Researching pre-colonial Fijian instruments in the Fiji National Museum

Pacific Blue Foundation

www.pacificbluefoundation.org

Pacific Blue Foundation

Rediscovering Pre-Colonial Fijian Music

In pre-colonial Fiji, communities depended on oral and musical traditions to transmit valuable communal knowledge. This knowledge includes not only the history of the community but information about the values and social practices of the community. There are many ways in which this knowledge was passed down; one primary mode of transmission was through music. Music in pre-colonial Fiji was a fundamental aspect of village life. As many of these musical traditions were directly associated with pre-colonial pagan rituals and beliefs, the early missionaries worked diligently to censor which practices would be allowed in the newly developing Christian nation. Many practices were deemed unfit and the practice of these oral traditions began to change. Now, many of these traditions have all but disappeared, and those that have remained survive in altered states, with an imminent threat of extinction. Refinements in the educational system bring young students into the cities and away from their villages before their elders have had the opportunity to transmit this knowledge to them. The introduction of capitalism into the Fijian society urges youth to remain in the cities rather then returning home. Interest in Western culture and ideals overshadows traditional ways, and threatens the survival of these oral and musical traditions.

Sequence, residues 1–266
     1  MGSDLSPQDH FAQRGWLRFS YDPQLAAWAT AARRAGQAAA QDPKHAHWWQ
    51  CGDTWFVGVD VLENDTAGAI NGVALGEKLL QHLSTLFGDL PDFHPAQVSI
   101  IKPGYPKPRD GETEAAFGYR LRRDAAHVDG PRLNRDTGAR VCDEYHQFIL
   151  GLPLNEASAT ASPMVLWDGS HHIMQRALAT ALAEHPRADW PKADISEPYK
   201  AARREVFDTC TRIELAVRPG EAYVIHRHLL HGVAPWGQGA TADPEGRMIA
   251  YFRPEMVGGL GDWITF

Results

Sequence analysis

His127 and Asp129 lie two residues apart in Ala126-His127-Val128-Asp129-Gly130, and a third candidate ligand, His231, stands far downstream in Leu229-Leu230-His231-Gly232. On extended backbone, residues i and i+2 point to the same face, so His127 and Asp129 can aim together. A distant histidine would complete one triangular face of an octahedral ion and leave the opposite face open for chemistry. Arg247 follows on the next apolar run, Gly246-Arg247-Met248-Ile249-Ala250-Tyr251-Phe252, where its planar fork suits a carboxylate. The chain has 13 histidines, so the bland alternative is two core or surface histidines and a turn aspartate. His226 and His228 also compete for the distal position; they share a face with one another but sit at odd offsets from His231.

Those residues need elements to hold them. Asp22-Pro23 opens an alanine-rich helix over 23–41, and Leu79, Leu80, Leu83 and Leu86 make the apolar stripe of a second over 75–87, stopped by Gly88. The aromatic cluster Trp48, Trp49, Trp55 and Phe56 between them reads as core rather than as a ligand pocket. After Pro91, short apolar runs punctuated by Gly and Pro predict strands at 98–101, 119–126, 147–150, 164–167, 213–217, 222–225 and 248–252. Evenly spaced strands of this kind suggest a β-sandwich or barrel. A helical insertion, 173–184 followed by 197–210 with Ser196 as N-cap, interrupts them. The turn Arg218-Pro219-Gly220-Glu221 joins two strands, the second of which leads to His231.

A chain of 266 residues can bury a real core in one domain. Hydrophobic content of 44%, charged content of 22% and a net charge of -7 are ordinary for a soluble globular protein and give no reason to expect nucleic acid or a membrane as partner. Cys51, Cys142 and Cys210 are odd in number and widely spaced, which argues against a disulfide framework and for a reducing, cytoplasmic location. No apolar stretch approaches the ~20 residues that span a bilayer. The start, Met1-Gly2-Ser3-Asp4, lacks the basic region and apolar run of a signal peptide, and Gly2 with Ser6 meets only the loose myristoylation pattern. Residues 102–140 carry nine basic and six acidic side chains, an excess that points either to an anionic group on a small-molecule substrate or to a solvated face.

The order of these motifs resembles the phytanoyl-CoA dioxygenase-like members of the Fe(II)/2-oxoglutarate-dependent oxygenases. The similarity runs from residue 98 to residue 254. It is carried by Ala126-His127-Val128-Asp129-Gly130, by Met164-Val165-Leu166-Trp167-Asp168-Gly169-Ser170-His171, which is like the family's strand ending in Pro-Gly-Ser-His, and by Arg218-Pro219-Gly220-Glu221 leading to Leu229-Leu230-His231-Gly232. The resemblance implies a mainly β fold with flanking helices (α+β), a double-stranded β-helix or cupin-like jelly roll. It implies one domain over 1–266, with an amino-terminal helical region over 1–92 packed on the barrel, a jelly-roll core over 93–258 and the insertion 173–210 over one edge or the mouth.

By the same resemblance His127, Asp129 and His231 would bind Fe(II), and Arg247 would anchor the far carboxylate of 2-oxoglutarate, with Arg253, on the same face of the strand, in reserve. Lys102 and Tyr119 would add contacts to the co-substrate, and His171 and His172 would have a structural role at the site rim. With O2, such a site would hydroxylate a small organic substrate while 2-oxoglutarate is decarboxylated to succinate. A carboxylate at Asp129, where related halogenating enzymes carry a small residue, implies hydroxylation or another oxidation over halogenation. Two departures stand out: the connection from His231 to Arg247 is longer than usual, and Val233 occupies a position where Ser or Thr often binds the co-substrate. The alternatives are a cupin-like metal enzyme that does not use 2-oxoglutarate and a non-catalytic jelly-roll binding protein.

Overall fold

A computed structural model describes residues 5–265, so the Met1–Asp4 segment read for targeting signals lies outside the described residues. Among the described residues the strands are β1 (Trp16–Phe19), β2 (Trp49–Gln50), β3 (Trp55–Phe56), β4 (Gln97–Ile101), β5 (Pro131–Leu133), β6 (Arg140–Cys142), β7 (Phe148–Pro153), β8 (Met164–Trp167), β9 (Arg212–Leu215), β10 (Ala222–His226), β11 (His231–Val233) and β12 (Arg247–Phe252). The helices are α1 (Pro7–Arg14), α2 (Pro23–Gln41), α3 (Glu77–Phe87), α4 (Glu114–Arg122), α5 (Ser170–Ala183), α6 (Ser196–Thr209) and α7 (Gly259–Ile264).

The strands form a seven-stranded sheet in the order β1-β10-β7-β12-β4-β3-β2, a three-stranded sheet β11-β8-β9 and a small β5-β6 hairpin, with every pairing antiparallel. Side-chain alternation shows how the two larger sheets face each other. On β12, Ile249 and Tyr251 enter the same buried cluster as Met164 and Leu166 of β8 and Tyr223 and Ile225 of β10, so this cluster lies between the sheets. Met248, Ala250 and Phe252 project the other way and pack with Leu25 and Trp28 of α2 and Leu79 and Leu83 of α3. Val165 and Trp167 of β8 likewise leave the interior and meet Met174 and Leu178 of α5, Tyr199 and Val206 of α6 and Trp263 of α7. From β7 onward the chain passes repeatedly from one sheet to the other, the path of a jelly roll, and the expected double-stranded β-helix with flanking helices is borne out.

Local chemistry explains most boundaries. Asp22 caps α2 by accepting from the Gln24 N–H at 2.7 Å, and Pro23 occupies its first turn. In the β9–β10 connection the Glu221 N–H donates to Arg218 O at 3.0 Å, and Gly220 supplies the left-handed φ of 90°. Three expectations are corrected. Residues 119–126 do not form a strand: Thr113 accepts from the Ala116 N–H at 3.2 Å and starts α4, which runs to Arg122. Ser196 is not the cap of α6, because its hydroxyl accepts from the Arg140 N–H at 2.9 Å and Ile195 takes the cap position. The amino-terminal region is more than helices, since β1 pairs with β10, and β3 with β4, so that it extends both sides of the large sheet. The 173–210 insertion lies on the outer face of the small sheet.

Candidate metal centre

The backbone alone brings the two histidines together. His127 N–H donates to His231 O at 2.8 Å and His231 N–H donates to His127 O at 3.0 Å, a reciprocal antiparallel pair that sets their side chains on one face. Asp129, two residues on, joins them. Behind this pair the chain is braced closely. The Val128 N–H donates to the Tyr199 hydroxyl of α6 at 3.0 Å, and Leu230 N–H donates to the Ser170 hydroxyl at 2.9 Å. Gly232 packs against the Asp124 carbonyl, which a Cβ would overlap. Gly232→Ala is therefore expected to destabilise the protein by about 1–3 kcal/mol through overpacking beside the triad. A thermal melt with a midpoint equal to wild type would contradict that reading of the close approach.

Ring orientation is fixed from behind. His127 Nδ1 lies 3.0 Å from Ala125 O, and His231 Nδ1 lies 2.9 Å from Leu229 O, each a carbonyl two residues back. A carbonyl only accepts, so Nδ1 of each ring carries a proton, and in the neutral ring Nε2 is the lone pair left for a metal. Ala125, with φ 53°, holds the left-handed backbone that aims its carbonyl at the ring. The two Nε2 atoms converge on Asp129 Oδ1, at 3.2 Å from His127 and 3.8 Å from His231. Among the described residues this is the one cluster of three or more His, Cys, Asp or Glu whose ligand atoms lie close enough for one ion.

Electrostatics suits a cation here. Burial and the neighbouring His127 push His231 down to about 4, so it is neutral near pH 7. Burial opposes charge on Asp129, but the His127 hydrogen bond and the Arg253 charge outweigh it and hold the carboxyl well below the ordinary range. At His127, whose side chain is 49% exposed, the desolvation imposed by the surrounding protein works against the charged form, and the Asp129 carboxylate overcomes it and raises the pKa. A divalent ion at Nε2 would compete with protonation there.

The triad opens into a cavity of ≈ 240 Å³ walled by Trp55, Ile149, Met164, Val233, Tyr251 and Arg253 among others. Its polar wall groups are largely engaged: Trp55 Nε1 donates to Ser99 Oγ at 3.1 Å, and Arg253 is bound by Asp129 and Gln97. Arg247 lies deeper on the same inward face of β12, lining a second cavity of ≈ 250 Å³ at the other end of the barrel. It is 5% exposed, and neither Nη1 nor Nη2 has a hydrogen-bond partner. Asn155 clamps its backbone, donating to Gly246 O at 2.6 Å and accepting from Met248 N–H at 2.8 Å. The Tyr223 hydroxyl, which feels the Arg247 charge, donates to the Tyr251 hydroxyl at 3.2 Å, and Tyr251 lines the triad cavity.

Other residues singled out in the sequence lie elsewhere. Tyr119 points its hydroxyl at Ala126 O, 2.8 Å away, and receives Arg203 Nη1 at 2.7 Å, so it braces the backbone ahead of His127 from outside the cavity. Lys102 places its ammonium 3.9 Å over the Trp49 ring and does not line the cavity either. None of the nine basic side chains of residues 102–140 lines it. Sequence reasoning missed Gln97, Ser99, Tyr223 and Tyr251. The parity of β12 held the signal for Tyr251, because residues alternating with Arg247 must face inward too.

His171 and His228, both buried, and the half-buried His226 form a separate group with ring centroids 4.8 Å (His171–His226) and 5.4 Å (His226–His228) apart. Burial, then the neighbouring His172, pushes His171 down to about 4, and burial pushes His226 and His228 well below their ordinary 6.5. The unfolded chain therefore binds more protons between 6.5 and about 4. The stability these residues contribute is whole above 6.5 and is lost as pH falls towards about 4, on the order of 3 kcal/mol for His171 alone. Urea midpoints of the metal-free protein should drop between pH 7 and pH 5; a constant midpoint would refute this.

In 2009, Stephen Solook and I teamed up with the Pacific Blue Foundation for a special project in the Fiji Islands. The mission of the Pacific Blue Foundation is to work with the people of the Fiji Islands, to help preserve and promote the biological and cultural diversity of the region. Together we hope to identify and revitalize these threatened musical traditions. With the help of the Fiji Museum, the Ministry of Indigenous Affairs, the Fiji National Archives,the University of South Pacific, Fiji National University, the University of Hawaii Manoa, and the University of California San Diego, we have begun our introductory research. Focusing on original texts from trading expeditions, missionary travels, and reports of early colonization, along with more recent academic writings by ethnographers, anthropologists, scientists, artists, and educators, we have begun to piece together a profile of pre-colonial musical traditions of Fiji.